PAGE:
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Spoil Sport: Pirates Broadcaster Doesn’t Care For Dietrich’s Swagger

Derek Dietrich

(Photo by Andy Lyons/Getty Images)

As wonderful a game as it is, Major League Baseball can be as prickly as an artichoke.

Analytics has moved the game seamlessly into the 21st century, but some of its guardians are still living in the past when it comes to the rules of comportment on and off the field.

We direct your attention to the current hullabaloo surrounding Cinncinnati Reds outfielder Derek Dietrich.

In a year when Cody Bellinger, Christian Yelich and Pete Alonso have been jacking home runs at a blistering pace, Dietrich, in his seventh season, has all of a sudden developed into a power source.

On Tuesday in Cincinnati, he hit three home runs and had six RBIs in an 11-6 win over the Pittsburgh Pirates. The dude has killed Pittsburgh this season with seven homers. He was asked whether he thinks the  pitchers have noticed.

“Other than they probably don’t really like me, no,” Dietrich told MLB.com. “I don’t treat it any differently, honestly. It just so happens that I’m kind of hot right now. I didn’t go up there with any extra expectations or anything like that.”

One person who has noticed is Pirates broadcaster John Wehner, a former MLB player.

Like we said, Dietrich has never been a big-time home run hitter. But he has been known as an occasional showboat. And after a few of those homers earlier this week, Dietrich stopped to enjoy them by lounging around in the batter’s box and watching them soar into the seats.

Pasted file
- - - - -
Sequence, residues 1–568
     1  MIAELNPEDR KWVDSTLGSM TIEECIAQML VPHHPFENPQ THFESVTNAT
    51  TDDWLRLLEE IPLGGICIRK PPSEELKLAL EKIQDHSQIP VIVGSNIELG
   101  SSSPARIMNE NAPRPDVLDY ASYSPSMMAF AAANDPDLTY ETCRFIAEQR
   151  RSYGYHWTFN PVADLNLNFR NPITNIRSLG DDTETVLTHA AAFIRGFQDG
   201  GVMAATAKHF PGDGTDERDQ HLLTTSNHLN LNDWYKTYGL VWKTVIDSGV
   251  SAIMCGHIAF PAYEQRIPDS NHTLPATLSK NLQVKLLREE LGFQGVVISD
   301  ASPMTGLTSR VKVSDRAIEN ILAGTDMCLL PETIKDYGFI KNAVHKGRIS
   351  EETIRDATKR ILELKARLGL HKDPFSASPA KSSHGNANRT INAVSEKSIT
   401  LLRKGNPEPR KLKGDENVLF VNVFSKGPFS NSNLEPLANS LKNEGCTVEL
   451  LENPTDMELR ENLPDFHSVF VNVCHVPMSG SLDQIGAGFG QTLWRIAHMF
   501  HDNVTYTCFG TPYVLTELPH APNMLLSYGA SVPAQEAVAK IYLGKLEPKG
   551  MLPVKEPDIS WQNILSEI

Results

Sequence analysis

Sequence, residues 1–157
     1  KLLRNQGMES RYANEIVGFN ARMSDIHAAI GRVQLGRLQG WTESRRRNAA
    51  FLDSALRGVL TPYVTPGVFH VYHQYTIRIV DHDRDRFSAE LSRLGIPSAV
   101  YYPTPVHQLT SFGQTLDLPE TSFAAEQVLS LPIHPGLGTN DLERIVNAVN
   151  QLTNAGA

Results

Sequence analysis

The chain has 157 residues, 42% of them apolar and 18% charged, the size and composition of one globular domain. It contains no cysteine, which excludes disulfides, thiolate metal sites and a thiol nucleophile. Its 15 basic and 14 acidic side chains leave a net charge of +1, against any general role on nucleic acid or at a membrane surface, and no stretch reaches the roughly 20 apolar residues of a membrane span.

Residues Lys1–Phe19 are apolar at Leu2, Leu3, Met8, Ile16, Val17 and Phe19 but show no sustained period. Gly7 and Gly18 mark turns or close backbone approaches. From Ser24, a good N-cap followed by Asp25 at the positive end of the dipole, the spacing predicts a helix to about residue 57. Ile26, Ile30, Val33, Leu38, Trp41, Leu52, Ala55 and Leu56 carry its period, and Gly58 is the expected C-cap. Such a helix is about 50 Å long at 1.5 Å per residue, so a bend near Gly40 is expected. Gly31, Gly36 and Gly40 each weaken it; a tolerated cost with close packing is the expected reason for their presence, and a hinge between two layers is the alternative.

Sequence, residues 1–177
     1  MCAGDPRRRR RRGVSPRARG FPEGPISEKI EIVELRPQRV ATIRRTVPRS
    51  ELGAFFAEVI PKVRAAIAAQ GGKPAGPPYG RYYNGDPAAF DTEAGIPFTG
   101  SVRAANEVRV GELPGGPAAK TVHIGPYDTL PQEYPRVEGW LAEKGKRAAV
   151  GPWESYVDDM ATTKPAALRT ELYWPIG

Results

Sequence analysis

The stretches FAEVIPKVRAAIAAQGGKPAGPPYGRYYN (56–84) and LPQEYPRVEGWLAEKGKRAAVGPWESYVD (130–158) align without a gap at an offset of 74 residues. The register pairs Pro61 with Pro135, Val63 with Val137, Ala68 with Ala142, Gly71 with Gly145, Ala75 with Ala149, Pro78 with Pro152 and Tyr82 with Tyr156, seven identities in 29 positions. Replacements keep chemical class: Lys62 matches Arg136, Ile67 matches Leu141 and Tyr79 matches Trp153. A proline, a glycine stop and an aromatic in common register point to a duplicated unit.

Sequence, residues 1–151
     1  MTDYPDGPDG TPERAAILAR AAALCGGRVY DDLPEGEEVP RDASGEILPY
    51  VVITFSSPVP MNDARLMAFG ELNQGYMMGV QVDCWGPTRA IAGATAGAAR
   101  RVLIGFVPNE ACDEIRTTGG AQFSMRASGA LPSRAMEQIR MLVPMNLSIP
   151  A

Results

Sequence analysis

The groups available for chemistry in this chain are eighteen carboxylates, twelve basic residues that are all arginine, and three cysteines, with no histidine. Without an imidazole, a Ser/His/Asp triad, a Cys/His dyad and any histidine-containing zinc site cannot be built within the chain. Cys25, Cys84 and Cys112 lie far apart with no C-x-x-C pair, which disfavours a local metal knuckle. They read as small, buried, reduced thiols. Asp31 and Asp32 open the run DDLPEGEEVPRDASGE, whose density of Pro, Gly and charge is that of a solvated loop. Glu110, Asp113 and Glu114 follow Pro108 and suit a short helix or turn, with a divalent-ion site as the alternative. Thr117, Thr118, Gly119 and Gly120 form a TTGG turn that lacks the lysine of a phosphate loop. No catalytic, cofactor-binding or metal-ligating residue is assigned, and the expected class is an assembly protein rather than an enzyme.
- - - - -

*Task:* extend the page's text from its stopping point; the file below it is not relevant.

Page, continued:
Wehner doesn’t like that. He espouses MLB’s unwritten rule that a player should do nothing to show up a team after he hits a homer. No bat flip. No slow trot. No glaring at the pitcher. Nothing that in anyway expresses any emotion.

Guys like Wehner want guys like Dietrich to just put their heads down, run to first base and get to home plate as fast as they can.

Wehner went on a radio show even before Dietrich’s big night on Tuesday and ripped the kid for admiring his homer during Game 2 of Monday’s doubleheader and then strutting slowly around the bases.

“I can’t stand him,” Wehner said. “I just don’t see why – I don’t understand why you have to do that. It’s different if you’re a Hall of Fame player, you’re a 60-homer guy, you’re an established guy. Nobody ever heard of him before this year.

“I heard of him because of his grandfather (Steve Demeter) who used to be a Minor League coach for the Pirates. He was the nicest, sweetest guy in the world. He’s rolling in his grave every time this guy hits a home run. He’s embarrassed of his grandson.”

Derek Dietrich

(Photo by Andy Lyons/Getty Images)

Sure, John. We’re absolutely certain that’s what’s happening. What a dork.

Wehner continued: “It’s just being arrogant. I don’t get it. I don’t get why you do that. It doesn’t make any sense to me.”

Dietrich has apparently been a hot topic in Pittsburgh all season. On April 7, he deposited two homers into the adjacent Allegheny River. After the first dinger, Pirates starter Chris Archer zipped one behind Dietrich’s ass. And because of that, the benches cleared and five players were suspended.